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Asian Art
Artist, style of: Isoda Koryūsai, Japanese, active ca. 1764–88

White Heron and Willow Tree

18th century

Polychrome woodblock print

unframed: 9 3/4 × 7 1/8 in. (24.8 × 18.1 cm) framed: 19 1/4 × 14 1/2 in. (48.9 × 36.8 cm)
Hobart and Edward Small Moore Memorial Collection, Gift of Mrs. William H. Moore
1950.557
Although not as well known as some other printmakers of the eighteenth century, Isoda Koryūsai is said to be the most productive artist of his time. This wintry scene of a heron resting on a snow-covered willow tree falls into the category of kachō-ga, the “flower-and-bird” paintings for which Koryūsai is known. The stylized form of the rusty-orange colored cloud is also associated with Koryūsai’s oeuvre. Looking out at the audience, the finely plumed heron raises one of its legs and stands quietly on the snow-covered tree trunk. Behind the trunk, yellow chrysanthemums are bravely in bloom despite the freezing scene, expressing the virtue of perseverance venerated especially among the literati circle.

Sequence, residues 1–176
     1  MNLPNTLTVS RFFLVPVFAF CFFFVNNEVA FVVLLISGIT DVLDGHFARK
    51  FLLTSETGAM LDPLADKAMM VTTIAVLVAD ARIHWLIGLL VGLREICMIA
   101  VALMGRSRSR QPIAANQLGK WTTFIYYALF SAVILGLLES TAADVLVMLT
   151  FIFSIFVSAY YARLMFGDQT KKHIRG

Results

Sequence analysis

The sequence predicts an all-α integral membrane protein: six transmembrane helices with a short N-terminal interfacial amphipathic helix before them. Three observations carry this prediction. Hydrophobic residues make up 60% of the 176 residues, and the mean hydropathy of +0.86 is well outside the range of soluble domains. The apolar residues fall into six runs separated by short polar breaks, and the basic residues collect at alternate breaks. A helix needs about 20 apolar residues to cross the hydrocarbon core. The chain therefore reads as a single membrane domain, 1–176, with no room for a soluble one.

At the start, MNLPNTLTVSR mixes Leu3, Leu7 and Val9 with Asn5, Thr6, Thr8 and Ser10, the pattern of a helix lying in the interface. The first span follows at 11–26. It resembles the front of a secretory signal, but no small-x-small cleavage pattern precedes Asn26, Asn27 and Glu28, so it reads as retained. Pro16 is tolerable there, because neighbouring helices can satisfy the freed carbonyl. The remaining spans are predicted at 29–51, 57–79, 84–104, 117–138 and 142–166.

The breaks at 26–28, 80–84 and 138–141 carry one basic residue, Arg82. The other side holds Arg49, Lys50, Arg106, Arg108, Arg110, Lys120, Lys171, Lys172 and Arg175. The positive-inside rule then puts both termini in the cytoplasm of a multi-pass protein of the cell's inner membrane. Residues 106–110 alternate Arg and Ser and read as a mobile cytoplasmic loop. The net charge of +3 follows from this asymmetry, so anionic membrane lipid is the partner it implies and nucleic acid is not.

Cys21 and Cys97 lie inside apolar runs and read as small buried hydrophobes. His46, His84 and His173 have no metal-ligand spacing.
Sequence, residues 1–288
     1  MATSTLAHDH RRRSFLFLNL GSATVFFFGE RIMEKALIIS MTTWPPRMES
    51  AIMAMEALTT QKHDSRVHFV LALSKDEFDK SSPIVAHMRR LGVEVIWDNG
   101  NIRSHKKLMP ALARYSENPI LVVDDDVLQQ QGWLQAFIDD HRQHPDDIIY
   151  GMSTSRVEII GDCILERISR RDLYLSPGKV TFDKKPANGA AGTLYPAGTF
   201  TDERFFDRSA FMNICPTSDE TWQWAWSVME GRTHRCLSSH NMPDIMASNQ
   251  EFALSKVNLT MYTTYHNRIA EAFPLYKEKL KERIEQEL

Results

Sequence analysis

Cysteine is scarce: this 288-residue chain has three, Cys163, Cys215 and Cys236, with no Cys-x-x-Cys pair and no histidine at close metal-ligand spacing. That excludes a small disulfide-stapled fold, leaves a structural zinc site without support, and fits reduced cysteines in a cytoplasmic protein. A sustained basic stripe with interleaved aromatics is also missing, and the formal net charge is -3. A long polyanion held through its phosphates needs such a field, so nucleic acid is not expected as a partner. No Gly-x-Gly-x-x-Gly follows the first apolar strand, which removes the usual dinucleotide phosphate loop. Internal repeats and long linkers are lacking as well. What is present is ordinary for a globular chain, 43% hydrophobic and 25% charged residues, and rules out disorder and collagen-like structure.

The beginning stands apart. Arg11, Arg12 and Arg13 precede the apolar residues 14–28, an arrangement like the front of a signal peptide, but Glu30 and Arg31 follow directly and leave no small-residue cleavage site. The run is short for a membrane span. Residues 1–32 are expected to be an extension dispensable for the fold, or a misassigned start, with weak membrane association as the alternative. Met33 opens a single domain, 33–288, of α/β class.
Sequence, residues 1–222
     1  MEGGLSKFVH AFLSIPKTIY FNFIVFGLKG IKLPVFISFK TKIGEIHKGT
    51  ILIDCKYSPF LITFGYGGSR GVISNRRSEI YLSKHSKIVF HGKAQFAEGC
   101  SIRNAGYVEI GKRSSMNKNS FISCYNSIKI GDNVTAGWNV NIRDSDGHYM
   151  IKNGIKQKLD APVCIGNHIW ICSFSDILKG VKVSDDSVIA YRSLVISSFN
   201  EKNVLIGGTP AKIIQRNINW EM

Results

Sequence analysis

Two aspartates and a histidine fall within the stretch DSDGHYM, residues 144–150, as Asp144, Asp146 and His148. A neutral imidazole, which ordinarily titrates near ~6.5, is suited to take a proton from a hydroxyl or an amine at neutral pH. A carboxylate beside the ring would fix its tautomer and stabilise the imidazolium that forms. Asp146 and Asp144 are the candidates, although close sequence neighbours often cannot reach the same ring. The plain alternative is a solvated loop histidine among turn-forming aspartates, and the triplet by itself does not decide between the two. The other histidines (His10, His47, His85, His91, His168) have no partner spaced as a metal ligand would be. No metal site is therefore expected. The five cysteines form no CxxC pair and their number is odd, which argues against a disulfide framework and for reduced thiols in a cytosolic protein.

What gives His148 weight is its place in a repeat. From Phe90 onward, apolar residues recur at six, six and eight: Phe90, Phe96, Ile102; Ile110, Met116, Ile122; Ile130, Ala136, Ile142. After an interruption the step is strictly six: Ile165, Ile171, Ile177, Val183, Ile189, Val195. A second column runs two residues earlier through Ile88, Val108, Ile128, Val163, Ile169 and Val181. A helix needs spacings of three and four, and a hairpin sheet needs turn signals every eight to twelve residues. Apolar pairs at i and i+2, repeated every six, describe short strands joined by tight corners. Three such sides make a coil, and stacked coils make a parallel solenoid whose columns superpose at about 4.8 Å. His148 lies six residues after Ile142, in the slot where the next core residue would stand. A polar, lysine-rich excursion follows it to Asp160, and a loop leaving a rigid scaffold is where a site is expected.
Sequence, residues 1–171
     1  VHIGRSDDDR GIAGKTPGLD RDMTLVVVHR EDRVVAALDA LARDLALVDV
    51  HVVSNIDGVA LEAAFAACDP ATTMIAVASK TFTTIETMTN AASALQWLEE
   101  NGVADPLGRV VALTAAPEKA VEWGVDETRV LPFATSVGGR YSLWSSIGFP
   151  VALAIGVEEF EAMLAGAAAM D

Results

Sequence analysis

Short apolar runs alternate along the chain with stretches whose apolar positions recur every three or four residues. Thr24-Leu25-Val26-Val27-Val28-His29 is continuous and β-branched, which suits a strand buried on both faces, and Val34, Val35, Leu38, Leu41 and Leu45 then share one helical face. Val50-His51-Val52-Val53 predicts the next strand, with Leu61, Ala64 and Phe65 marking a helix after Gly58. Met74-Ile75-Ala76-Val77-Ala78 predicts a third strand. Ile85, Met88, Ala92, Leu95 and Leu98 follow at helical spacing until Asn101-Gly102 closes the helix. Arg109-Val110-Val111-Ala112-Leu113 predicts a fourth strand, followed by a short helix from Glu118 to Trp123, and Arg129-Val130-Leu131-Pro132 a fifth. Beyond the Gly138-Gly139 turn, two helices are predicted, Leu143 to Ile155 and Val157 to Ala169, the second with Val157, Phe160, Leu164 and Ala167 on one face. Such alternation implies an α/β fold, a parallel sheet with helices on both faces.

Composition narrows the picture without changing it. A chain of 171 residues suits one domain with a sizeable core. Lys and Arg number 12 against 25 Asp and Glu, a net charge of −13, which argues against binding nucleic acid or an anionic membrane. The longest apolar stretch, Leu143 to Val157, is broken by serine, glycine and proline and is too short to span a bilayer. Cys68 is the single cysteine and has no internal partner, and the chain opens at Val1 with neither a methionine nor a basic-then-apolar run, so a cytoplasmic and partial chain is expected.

Geography: 
Japan
Status: 
On view
Culture: 
Japanese
Period: 
Edo period (1615–1868)
Classification: 
Works on Paper - Prints
Provenance: 

Mrs. William H. Moore (1858–1955), New York, to 1950; Yale University Art Gallery, New Haven, Conn.

Note: This electronic record was created from historic documentation that does not necessarily reflect the Yale University Art Gallery’s complete or current knowledge about the object. Review and updating of such records is ongoing.